This study contributes to the literature by providing evidence of misspecification of currently used models to detect real accounts manipulation.

Practical implications

Based on the findings, the authors recommend caution in interpreting any findings when using these models in future research.

Originality/value

The findings address the earnings management literature, guided by the agency theory.

Details

Journal of Applied Accounting Research, vol. ahead-of-print no. ahead-of-print
Type: Research Article
ISSN: 0967-5426

Keywords

Abstract

Details

Transport Science and Technology
Type: Book
ISBN: 978-0-08-044707-0

Abstract

Details

Transport Science and Technology
Type: Book
ISBN: 978-0-08-044707-0

Content available
Book part
Publication date: 14 December 2006

Abstract

Details

Transport Science and Technology
Type: Book
ISBN: 978-0-08-044707-0

Case study
Publication date: 17 May 2021

Saroj Koul and Hima Gupta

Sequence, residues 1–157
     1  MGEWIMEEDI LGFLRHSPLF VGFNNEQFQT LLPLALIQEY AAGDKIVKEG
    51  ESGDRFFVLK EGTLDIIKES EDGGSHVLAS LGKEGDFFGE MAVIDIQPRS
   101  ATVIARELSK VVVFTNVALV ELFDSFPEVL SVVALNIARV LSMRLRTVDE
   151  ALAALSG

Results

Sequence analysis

Illustrate the typical organizational responsibility of a small, medium industry dealing with precision manufacturing products. Introduce a balanced scorecard (BSC) as a…

Abstract

Learning outcomes

Illustrate the typical organizational responsibility of a small, medium industry dealing with precision manufacturing products. Introduce a balanced scorecard (BSC) as a concept about the case in the context. Introduce the parameters specific to small and medium enterprise (SME) that could be considered to be part of the key performance indicators. Understand the advantages and disadvantages of using a BSC in SMEs in emerging economies.

Case overview/ synopsis